Since the election of President Hassan Rouhani, who was celebrated by many in the West as a moderate reformer, executions in Iran have soared, hitting record numbers in each of the last several years. The U.N. recorded 753 executions in 2014, though some human rights organizations have claimed that the number is higher.

Iran executed an American citizen in November.

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Morning Briefing – The Telegraph

Good morning.

The junior doctors’ first bout of strike action ended at 8am today, after medics walked out across England for the first time in 40 years, withdrawing all but emergency care. They definitely made a mark, with NHS trusts reporting that 39% of junior doctors reported for duty as normal – prompting praise from Jeremy Hunt. If you’re wondering why the others walked out, it’s worth watching our video – in which we spoke to striking junior doctors on the streets outside Homerton Hospital. The NHS will take a while to recover from the strike action, with 20,000 operations and appointments cancelled yesterday, leaving health officials with a backlog that will take months to clear.

Labour weighed in behind the junior doctors, with Jeremy Corbyn calling on ministers to “apologise and negotiate a fair deal” with them. The Labour leader will be sorely tempted to press the government more on this when he faces David Cameron across the despatch box at PMQs today. John McDonnell, who has previously said Labour “automatically” support strikes, joined picket lines at St Thomas’ hospital. Labour was certainly less mealy-mouthed in its support for strikes yesterday than it was in 2011, when Ed Miliband gave TV cameras his “These strikes are wrong” mantra. Dan Hodges thinks this “Corbyn Contagion” will plague moderate frontbenchers. “Today it is Labour’s health team,” he writes. “They will all have to utter the same line. And as they do, they will all feel the same sudden chill, the dryness at the back of the throat, the slight feeling of nausea.”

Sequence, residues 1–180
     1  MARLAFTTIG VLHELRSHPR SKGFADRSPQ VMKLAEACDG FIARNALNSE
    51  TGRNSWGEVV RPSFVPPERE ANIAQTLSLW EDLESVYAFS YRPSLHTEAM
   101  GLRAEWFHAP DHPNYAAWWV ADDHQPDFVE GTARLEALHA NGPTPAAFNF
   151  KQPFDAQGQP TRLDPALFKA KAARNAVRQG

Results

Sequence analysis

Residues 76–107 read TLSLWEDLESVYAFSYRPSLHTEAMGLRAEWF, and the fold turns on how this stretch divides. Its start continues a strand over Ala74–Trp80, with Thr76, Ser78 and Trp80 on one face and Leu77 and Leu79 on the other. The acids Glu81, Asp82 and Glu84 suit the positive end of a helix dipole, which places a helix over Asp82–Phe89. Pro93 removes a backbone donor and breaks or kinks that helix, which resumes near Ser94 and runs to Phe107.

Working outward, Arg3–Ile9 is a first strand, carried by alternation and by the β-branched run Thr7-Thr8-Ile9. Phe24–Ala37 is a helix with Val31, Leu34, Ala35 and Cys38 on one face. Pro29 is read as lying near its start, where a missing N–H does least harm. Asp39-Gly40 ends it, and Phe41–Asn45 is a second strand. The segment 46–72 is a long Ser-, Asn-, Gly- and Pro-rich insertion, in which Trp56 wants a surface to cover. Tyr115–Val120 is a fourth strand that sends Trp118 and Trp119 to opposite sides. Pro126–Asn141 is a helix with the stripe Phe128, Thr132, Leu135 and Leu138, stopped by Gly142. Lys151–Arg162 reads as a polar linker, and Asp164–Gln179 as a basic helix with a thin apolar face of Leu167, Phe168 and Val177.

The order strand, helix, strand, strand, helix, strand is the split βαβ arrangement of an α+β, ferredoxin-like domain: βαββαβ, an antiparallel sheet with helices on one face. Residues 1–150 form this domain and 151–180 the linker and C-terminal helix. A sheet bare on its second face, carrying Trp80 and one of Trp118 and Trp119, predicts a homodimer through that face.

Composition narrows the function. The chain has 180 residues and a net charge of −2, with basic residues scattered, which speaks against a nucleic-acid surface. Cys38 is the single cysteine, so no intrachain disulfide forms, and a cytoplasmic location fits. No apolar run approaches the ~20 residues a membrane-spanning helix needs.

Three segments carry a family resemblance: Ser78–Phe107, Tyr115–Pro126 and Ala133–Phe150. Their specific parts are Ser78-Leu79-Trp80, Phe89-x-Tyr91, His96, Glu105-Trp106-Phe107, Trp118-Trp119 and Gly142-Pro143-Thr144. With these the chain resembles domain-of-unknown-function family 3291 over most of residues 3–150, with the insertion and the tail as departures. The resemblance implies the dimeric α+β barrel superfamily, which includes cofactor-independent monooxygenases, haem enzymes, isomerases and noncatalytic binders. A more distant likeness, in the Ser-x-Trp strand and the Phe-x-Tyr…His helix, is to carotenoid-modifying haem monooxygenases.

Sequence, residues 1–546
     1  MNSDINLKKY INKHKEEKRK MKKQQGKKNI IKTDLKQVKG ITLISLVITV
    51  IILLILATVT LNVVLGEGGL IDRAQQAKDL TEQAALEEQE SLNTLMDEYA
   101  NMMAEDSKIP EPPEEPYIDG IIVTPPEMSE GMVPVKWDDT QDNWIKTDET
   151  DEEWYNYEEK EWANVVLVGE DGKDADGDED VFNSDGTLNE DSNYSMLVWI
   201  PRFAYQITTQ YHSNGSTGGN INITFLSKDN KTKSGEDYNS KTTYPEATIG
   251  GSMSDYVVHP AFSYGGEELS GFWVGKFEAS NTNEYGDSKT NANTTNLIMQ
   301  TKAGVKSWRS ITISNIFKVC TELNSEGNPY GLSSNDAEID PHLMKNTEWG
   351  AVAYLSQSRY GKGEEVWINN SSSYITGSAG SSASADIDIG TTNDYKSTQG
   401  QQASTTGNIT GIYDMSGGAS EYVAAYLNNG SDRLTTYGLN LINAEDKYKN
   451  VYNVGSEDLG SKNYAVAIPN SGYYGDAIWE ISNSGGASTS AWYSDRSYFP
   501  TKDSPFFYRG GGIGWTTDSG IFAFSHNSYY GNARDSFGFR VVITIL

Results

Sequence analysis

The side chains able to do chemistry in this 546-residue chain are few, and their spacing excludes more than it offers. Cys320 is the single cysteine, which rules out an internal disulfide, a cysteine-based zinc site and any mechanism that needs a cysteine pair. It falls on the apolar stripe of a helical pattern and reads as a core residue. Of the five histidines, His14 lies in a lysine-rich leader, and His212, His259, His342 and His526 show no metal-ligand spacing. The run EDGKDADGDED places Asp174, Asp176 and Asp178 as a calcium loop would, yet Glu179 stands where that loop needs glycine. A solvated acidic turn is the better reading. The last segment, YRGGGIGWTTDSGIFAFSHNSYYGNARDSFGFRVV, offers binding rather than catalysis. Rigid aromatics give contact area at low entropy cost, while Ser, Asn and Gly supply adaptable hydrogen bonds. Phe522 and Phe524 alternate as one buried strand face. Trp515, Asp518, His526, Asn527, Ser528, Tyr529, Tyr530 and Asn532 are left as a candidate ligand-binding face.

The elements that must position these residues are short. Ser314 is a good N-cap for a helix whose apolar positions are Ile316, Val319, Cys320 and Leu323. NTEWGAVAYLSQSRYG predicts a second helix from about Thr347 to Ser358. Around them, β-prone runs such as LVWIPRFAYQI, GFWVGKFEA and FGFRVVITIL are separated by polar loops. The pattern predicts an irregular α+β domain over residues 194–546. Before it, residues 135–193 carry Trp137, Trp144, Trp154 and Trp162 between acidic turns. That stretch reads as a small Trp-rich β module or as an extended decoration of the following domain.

The junior doctors have finished the first part of their industrial action, but are still set to walk out for 48 hours in a fortnight, and then go on a full strike next month. Ministers hope to get the doctors’ union back around the negotiating table to avoid this, with Jeremy Hunt describing the walkout as “totally unnecessary”. Striking junior medics have made their mark in their stand-off with NHS chiefs over the proposed contracts by scuppering operations, as some might say was their original aim. Voters may be broadly supportive of junior doctors, but how will they feel when the prospect of a full walkout nears? The conciliation service Acas hopes to restart formal talks by the end of the week, so what will the BMA do? James Kirkup points out that the advent of technology like FitBits will weaken the power of doctors, writing: “This will be the story of medicine and technology in the 21st Century: bad for doctors, good for the rest of us. The junior doctors should enjoy their position of strength for it will not last. A medical revolution is coming, and it will be wearable.”

“In the end [junior doctors] do want to the right thing for patients and I salute them for it.” Jeremy Hunt

News
The Fight Against Isil

A member of the Islamic State (Isil) is believed to be behind yesterday’s suicide bombing in the heart of Istanbul, which killed nine German tourists and brought terror to the streets of Turkey’s historic city. “Mr Erdogan should realise… that if he wants to prevent further terror attacks, then his best course of action is to support the international campaign to destroy Isil,” Con Coughlin writes in today’s paper. This comes as David Cameron admitted that “there aren’t enough” moderate Syrian fighters to defeat Isil, and promised a shake up of police bail after a counter terrorism chief said it was “weak and “toothless” and allowed jihadists to act with impunity. Meanwhile, the government estimates that the group – which has issued an advice booklet for its followers – amasses between £1.7 and £3.1 million a day.